So far, I have read:
Of course, I am also working on all of the other preparations needed for a big trip, particularly since I will take a few days after the delegation period to trek with Ecotours to visit the mountain gorillas. I visited the PAMF Travel Medicine department and have new Yellow Fever, MMR (Measles, Mumps, Rubella), and Typhoid immunizations. I tried out my old hiking boots and got a flat (see photo below). So, I am now getting used to a new pair of Lowa – Renegade boots. Ged Caddick of Ecotours has warned us to expect mud, so I also bought new rain gear at REI. I have binoculars but I am still thinking how to pack without zip lock bags…
Images Copyright 2013-2014 by Katy Dickinson
One of our annual Camp Blue Art Grove activities at the Lair of the Golden Bear – University of California at Berkeley family camp – is tie dye. This craft is particularly associated with the 1960s hippie youth movement, and with U.C. Berkeley. After vacations at the Lair for 21 years, I have developed a reliable system for producing vibrant tie dye results in a camp setting. Tie dye is messy, so you may want to wear old clothes and wear gloves. Or, you can enjoy the mess – like my husband who paints “Lair socks” on his bare feet. This is a good craft for all ages – with little kids getting as good results as adults.
Camp Blue provides:
- Rubber bands
- Plastic bags
- Soda ash in a tub
- Dye in tubs – with squirt bottles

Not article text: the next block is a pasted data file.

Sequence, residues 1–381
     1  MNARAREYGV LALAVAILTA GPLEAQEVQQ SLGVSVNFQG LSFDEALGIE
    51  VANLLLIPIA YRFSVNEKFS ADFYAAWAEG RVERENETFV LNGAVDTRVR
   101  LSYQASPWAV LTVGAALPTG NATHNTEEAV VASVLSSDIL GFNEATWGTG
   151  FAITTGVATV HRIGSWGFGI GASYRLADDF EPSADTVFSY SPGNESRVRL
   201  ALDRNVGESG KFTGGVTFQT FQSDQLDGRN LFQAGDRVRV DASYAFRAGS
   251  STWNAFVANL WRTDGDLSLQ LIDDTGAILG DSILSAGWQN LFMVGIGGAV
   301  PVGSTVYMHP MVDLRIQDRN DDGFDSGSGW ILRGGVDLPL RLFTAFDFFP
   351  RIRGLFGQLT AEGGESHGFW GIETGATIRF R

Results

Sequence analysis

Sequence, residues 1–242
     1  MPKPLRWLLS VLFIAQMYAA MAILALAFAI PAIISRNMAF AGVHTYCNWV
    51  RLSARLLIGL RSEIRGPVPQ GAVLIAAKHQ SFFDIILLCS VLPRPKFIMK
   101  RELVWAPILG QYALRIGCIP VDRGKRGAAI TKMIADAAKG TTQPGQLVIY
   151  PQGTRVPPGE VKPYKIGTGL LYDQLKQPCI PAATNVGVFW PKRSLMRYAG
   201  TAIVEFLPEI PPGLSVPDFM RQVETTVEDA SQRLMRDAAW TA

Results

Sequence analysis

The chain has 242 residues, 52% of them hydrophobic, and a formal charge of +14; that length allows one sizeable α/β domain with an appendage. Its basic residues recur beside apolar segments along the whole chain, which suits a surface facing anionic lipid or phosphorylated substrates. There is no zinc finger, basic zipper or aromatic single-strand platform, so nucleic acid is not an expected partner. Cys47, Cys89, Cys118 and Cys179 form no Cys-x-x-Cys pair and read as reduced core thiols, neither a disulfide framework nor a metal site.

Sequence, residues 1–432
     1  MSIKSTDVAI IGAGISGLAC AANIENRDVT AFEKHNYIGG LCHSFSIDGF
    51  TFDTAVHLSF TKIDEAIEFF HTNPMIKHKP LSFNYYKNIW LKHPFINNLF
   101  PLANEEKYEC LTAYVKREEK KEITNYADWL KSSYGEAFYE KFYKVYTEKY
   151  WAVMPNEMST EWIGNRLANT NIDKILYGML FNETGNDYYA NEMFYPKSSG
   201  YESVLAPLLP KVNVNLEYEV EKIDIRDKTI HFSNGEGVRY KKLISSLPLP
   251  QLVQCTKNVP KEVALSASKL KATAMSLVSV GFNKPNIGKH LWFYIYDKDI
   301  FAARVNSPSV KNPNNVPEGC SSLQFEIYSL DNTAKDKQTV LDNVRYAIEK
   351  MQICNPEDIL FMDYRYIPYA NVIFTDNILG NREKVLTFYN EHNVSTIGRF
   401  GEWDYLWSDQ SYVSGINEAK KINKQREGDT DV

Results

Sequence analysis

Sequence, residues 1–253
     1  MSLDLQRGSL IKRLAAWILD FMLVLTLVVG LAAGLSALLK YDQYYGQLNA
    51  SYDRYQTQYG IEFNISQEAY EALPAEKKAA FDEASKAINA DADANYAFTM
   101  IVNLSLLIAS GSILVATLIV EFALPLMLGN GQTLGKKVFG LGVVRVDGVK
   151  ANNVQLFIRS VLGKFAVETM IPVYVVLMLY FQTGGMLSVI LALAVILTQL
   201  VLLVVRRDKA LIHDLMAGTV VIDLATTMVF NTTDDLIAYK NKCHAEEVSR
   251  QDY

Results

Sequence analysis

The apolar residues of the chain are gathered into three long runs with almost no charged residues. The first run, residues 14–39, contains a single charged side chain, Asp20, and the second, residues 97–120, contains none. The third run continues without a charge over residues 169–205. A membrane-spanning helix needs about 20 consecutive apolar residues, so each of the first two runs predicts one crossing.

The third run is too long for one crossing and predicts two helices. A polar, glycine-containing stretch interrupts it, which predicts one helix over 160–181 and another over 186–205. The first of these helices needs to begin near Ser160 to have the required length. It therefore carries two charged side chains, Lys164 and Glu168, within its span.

You need to bring:
- Cotton shirts, pillowcases, socks, underwear or anything else you want dyed from home. 100% cotton works best. Wash and dry in advance. This year, I brought a white Coldwater Creek dress blouse that had a unremovable stain – it came out a nice plum color with white bands on the sleeves. Walgreen’s sells good-quality plain and patterned t-shirts ($12 for three). I brought shirts that said California, San Jose, and Willow Glen and worked the words into my pattern. Note that the white stitching may not absorb dye, so design around that. You can buy white t-shirts at the Camp Store but be sure to wash them before starting your project.
- Clothes line and clothes pins
- Plastic clothes hangers
- Laundry soap
My tie dye process:
- Follow posted camp instructions to create patterns using rubber bands on the dry cloth. The fabric squeezed by the rubber bands will absorb the least dye. There are many tie dye projects and patterns available on the web if you want to plan in advance. Starting with a simple bull’s eye pattern is easiest. Place the pattern center mid-chest (not mid-tummy) for better results.
- Soak the rubber banded cloth in the soda ash tub to help it absorb the dye.